Recyclable waste that is not separated in the recycling container or is not taken to collection points, ends up in landfills, where, depending on its material, it can take hundreds of years to degrade or even never do so.
In the United States, only 10% of recyclable waste reaches the transformation stage, and most of it is destined for sale abroad.
Electronic waste, also known as e-waste, is all parts of electronic devices or broken devices, such as household appliances, televisions, electric stoves, air conditioners, microwaves, radios, computers, mobile phones, batteries, hard drives, motherboards, circuits, monitors, etc., that we discard.
Most e-waste contains a series of highly polluting materials, including heavy metals such as mercury, lead, cadmium, lead, chromium, arsenic or antimony, which not only harm the environment, but are also highly dangerous for human health.
The best way to dispose of electronic waste is by recycling. Electronic waste contains precious metals including gold, silver, copper, platinum, and palladium, as well as significant amounts of iron, aluminum, and plastics, which can be recycled. Giving away electronic devices that are no longer needed is always the best option, but if it is a product that cannot be repaired, it is important to deposit it at a local recycling center that accepts electronic waste. Recycling centers reclaim many of the materials from which these products are made, including plastics, glass, metal, and aluminum that can be recovered and reused in new electronics.
Waste transfer stations or material recycling facilities are sites where recyclable materials and waste are collected. At the stations, the waste is classified and separated to later be transferred to another area or facility for recycling, demolition, or landfill. The waste transfer stations are not just another stop for our garbage, here a fundamental process is carried out to reduce pollution by waste.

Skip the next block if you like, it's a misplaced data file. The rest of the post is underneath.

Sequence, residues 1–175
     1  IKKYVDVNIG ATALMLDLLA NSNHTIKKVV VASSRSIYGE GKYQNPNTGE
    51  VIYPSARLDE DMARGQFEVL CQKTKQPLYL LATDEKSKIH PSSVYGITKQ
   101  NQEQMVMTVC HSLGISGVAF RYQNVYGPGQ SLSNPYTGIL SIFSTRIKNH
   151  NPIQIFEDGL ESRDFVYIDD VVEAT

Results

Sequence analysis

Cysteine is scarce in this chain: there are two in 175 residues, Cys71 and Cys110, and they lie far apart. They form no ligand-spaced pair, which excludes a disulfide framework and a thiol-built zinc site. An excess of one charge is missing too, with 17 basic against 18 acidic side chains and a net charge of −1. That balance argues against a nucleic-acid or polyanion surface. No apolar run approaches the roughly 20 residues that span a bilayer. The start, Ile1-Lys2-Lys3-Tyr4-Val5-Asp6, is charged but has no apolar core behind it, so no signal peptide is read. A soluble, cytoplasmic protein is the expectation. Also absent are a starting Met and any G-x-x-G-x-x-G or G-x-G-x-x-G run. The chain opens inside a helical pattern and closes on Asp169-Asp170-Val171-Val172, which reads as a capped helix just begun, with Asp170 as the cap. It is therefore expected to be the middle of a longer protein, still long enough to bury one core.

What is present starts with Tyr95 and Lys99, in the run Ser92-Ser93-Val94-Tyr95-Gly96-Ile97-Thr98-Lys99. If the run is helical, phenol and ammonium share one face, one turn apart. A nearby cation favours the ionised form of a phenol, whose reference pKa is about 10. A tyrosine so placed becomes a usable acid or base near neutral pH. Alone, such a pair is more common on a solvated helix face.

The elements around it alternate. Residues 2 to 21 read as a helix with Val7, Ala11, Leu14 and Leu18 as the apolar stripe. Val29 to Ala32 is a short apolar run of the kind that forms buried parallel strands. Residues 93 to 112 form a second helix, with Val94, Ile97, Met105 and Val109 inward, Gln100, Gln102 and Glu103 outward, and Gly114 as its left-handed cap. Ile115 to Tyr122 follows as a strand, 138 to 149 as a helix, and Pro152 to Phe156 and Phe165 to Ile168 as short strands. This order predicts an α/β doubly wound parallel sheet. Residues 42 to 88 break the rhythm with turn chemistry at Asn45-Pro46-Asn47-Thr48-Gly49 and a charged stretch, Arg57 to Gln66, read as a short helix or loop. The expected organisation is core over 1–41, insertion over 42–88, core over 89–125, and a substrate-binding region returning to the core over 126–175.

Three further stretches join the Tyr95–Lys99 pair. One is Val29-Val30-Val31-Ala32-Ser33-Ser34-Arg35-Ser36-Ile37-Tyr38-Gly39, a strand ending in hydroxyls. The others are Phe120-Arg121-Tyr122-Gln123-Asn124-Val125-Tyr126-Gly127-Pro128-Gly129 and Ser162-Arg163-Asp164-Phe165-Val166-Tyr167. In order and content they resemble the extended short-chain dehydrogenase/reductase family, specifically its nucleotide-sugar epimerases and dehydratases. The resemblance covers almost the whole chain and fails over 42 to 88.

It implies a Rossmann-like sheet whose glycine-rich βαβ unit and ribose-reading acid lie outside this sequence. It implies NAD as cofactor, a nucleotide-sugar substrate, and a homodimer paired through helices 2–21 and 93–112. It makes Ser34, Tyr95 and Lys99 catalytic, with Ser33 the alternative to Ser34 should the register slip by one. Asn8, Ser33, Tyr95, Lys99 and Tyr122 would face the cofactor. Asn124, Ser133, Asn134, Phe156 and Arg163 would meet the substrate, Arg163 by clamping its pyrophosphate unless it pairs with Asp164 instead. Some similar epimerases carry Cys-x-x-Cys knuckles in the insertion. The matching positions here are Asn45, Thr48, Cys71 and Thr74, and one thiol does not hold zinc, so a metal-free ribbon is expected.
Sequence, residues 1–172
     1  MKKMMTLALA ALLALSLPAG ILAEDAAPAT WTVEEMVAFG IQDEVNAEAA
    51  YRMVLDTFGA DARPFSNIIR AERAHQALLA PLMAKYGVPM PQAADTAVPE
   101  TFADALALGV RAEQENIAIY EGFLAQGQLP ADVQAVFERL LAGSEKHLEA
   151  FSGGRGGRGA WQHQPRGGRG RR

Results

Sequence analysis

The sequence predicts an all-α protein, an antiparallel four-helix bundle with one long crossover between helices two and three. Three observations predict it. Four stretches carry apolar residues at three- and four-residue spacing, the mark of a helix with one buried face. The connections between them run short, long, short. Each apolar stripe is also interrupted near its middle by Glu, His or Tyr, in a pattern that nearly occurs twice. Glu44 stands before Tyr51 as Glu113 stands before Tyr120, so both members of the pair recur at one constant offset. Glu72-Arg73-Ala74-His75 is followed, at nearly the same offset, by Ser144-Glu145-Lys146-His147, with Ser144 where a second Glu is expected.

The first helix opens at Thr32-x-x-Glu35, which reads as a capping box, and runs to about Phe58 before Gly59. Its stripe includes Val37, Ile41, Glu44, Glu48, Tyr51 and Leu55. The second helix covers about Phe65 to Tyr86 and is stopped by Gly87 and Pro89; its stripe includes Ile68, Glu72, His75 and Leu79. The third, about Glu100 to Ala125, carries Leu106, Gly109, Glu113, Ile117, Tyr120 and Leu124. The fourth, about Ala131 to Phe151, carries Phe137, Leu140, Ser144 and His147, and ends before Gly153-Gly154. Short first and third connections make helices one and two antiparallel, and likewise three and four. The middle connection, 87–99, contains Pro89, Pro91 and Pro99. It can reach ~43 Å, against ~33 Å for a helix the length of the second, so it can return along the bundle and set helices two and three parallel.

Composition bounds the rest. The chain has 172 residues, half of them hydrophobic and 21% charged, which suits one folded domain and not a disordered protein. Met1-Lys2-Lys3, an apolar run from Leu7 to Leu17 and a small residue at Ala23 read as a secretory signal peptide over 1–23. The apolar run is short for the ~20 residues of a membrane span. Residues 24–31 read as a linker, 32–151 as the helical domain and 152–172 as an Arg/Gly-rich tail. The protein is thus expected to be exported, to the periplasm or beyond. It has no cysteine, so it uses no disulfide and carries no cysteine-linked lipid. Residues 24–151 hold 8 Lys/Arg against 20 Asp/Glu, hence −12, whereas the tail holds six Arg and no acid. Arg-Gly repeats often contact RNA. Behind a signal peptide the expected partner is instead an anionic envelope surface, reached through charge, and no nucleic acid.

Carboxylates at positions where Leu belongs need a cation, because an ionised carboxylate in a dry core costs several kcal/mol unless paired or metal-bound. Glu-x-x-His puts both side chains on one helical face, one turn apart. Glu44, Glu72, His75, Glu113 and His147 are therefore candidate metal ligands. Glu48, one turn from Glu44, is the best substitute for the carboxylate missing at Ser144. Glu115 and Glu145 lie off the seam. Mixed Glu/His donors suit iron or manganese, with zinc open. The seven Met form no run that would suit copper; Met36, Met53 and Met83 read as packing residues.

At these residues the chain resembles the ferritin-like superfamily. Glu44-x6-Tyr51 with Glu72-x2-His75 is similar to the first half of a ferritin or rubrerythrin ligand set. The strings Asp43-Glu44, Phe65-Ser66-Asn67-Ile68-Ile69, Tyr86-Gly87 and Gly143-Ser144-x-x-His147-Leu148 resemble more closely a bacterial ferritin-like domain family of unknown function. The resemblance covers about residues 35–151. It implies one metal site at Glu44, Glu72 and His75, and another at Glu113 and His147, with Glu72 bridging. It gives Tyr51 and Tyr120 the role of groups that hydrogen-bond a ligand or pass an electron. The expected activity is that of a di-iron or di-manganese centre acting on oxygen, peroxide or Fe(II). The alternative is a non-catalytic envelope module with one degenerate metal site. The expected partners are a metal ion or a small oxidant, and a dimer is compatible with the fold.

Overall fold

Waste transfer stations reduce waste going to landfills, preventing much hazardous chemical pollution remains from ending up in landfills, plus the transfer of waste from local collection trucks to larger vehicles, such as a train or ship, reduces significantly the cost of transportation and the environmental impact of transporting garbage.
Scrap recycling is one of the least popular in the United States even though most metals can be recycled and there are even some that have a high market value. The recycling of scrap metal is very important since by reusing metals we mitigate the exploitation of minerals, which are a limited resource, and their extraction generates a significant amount of greenhouse gasses.
Most of the waste can be left in the local recycling centers and received payment for it, in this way we avoid this waste ends up in landfills, where it would take hundreds of years to degrade.
Some of the metals that can be sold at recycling centers are copper (which is the best-valued metal on the market), aluminum, brass, lead, iron, and bronze. You can find these materials in all kinds of household waste such as; wires, pipes, kitchen sinks, food cans, soda cans, window frames, door locks, chandeliers and hinges, old jewelry, children’s toys, lamps, and tools.
Although almost most of the metals are recycled, some cannot be reused or that recycling centers do not receive, such as those used for paint or toxic products, some pipes, clothes hangers, and metal scraps, so it’s always best to check directly with your local recycling center.